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MAY 2014

Jupiter's Trademark Red Spot Is Shrinking

promo image showing three views of Jupiter's Red Spot from 1995, 2009, and 2014

Jupiter's shrinking
Great Red Spot

I magine a storm so large that Earth would fit inside it.

That Earth-sized storm is on Jupiter, the largest planet in the solar system. Called the Great Red Spot, the storm has been raging in Jupiter's cloudy atmosphere for at least a hundred years. Astronomers using the Hubble Space Telescope have discovered that the well-known storm has shrunk to 10,250 miles across, the smallest size ever measured. Observations during the late 1800s, however, showed that the storm was so enormous — 25,500 miles across — that three Earths could squeeze inside it.

Astronomers have been following its downsizing since the 1930s. Starting in 2012, however, amateur astronomers noticed an increase in the spot's shrinkage rate. The red spot is getting smaller by 550 miles a year. Even its shape has changed from an oval to a circle.

Astronomers do not know why the storm's size is decreasing. One possibility is that some unknown activity deep inside the planet's atmosphere may be draining energy and weakening the storm, causing it to shrink.

A swirling storm of rising air

The Great Red Spot shares some characteristics with hurricanes on Earth, including a circular motion and strong winds. Unlike a hurricane, the red spot rotates counterclockwise. The red spot also is a high-pressure system, where air rises. Hurricanes, on the other hand, are low-pressure systems, where air sinks. One reason the Jupiter storm may have lasted so long is that there is no solid surface to decrease the storm's energy and slow it down. Hurricanes, however, lose strength when they reach land.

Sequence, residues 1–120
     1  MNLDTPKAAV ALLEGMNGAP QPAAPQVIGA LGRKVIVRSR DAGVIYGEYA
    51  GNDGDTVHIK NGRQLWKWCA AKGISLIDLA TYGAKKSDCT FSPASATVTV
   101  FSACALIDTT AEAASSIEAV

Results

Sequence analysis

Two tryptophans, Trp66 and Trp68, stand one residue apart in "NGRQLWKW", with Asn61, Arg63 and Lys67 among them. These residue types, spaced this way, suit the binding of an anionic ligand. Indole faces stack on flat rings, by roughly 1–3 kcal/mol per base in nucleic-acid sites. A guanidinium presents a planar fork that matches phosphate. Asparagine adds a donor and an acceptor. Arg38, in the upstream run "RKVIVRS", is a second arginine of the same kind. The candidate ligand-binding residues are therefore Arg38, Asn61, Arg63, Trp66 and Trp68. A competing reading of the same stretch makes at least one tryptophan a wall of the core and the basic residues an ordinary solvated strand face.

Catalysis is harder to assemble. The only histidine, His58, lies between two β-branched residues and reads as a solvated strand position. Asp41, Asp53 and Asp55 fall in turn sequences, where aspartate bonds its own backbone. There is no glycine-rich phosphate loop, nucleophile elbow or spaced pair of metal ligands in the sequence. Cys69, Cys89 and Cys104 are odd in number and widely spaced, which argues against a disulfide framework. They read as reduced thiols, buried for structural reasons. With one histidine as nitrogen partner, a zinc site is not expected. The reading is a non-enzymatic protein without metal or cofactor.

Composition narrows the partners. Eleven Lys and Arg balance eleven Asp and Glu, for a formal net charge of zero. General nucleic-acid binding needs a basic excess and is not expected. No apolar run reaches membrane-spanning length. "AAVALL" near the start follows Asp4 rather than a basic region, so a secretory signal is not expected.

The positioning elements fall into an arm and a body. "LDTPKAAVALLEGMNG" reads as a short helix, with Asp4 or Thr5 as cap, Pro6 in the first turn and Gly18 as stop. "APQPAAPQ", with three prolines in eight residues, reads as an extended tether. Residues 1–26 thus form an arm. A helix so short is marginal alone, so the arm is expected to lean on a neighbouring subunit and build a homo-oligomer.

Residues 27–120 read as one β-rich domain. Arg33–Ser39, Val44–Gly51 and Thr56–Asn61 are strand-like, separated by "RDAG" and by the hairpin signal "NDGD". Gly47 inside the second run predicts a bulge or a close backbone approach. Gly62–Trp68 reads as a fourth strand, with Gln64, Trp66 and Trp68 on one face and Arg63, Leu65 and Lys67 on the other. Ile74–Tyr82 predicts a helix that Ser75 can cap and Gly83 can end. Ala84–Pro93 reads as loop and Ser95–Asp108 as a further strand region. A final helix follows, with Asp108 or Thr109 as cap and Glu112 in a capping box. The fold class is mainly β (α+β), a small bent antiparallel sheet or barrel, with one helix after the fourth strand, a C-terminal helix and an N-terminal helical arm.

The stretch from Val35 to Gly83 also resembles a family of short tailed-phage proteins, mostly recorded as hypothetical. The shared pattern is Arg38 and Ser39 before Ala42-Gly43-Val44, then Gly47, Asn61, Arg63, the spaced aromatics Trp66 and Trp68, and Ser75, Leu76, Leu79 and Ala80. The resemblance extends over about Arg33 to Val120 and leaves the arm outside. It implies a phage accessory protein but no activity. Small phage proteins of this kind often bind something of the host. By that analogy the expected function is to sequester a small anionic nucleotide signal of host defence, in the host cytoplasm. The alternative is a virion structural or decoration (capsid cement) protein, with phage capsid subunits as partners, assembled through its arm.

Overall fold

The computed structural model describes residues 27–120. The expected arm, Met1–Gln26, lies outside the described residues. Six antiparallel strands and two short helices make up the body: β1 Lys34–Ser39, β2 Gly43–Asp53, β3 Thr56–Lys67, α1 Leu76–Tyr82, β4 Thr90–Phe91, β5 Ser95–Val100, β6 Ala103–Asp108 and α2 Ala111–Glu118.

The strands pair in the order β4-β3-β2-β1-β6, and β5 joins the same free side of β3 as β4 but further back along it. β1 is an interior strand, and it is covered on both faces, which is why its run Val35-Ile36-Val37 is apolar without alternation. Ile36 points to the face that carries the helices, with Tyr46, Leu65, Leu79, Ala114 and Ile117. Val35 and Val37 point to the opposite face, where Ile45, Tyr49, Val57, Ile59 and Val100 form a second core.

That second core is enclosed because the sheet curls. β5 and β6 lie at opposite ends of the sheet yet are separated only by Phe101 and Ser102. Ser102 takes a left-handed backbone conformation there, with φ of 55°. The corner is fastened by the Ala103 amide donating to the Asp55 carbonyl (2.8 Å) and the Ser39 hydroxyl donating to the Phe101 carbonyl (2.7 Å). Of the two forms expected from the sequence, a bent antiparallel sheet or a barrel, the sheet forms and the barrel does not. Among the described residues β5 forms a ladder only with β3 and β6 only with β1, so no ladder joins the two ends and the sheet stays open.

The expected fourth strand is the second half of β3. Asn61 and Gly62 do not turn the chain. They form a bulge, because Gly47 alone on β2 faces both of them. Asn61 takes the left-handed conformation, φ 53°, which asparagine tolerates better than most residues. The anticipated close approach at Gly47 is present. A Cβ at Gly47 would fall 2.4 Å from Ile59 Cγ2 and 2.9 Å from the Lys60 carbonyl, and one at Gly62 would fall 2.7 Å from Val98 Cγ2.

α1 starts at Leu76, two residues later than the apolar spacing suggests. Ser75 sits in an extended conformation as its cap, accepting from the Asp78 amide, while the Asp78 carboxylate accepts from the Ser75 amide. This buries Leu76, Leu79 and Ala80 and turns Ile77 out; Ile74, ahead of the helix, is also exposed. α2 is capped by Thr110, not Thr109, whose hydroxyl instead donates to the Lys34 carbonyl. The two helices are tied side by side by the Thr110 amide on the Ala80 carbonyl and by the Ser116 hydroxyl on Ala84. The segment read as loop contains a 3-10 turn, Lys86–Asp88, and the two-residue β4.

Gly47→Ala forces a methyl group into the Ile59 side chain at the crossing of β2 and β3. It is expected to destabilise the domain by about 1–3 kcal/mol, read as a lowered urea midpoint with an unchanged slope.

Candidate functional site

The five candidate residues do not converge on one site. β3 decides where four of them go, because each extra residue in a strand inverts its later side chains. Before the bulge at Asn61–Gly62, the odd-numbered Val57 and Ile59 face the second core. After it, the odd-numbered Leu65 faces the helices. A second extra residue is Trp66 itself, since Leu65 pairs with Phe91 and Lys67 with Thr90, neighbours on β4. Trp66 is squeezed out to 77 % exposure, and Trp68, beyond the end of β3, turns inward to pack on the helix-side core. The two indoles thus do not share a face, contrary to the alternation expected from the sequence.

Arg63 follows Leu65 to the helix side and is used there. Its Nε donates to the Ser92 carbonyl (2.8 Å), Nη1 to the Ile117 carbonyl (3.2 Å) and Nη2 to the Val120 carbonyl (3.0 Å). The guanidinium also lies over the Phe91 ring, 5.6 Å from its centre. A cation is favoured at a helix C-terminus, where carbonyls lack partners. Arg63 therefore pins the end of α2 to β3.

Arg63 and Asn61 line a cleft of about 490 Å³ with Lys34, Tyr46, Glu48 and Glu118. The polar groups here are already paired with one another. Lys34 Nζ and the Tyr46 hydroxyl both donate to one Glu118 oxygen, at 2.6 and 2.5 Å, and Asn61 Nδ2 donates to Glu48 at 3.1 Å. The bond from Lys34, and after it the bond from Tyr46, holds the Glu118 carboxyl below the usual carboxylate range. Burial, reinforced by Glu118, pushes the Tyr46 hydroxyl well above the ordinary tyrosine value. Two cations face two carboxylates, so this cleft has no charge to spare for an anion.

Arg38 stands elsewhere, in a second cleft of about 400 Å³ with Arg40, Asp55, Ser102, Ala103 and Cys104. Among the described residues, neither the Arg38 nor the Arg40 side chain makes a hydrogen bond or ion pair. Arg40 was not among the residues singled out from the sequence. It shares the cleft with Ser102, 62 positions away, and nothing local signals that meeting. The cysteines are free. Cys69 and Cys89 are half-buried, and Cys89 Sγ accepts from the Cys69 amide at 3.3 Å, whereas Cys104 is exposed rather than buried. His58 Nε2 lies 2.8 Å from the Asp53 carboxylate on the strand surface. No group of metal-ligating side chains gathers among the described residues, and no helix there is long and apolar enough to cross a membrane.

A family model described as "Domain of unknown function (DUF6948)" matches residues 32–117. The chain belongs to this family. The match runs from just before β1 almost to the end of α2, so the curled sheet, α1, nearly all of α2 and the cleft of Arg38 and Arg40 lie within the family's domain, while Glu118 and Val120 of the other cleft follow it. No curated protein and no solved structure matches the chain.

The swirling storm towers six miles above Jupiter's multicolor cloud tops. Inside the red spot, some winds reach speeds of up to 400 miles an hour. The exact cause of the storm's signature red color is a mystery. One theory is that the material being pulled upward from deep inside Jupiter's atmosphere turns red when sunlight strikes it. The spot, however, is not always bright red. Sometimes its color is much lighter, and, rarely, can even be very pale.

promo image for the Voyager 1 image of Jupiter's Red Spot

Voyager's view of the red spot, 1979

promo image for the Voyager 1 movie of Jupiter's Red Spot

The Great Red Spot in motion, 1979

The first record of the Great Red Spot was a drawing made in 1831 by German amateur astronomer Samuel Heinrich Schwabe. The storm, however, may have been seen 200 years earlier, in 1665, by Italian astronomer Gian Domenico Cassini, who noted a monster storm he called the "Permanent Spot."

The red spot has been continuously observed since 1878. NASA's two Voyager spacecraft also made the first detailed observations of the feature in 1979, and Voyager 1 even took a movie of its six-day rotation.


The Star Witness

brings you "tele-scoops" from the Hubble Space Telescope